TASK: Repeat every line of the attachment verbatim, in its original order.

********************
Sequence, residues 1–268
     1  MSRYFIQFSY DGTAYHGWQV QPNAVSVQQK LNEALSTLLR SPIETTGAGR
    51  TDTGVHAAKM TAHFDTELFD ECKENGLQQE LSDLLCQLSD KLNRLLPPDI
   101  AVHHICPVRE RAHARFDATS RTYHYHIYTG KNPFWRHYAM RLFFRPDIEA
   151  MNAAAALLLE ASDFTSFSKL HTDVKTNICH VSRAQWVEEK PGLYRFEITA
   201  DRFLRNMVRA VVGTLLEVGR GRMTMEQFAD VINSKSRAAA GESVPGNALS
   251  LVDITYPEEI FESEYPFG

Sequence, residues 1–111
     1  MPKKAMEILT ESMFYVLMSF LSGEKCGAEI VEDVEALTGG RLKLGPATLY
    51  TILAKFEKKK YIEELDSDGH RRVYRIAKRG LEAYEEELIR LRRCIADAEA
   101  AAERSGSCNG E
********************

Sequence, residues 1–268
     1  MSRYFIQFSY DGTAYHGWQV QPNAVSVQQK LNEALSTLLR SPIETTGAGR
    51  TDTGVHAAKM TAHFDTELFD ECKENGLQQE LSDLLCQLSD KLNRLLPPDI
   101  AVHHICPVRE RAHARFDATS RTYHYHIYTG KNPFWRHYAM RLFFRPDIEA
   151  MNAAAALLLE ASDFTSFSKL HTDVKTNICH VSRAQWVEEK PGLYRFEITA
   201  DRFLRNMVRA VVGTLLEVGR GRMTMEQFAD VINSKSRAAA GESVPGNALS
   251  LVDITYPEEI FESEYPFG

Sequence, residues 1–111
     1  MPKKAMEILT ESMFYVLMSF LSGEKCGAEI VEDVEALTGG RLKLGPATLY
    51  TILAKFEKKK YIEELDSDGH RRVYRIAKRG LEAYEEELIR LRRCIADAEA
   101  AAERSGSCNG E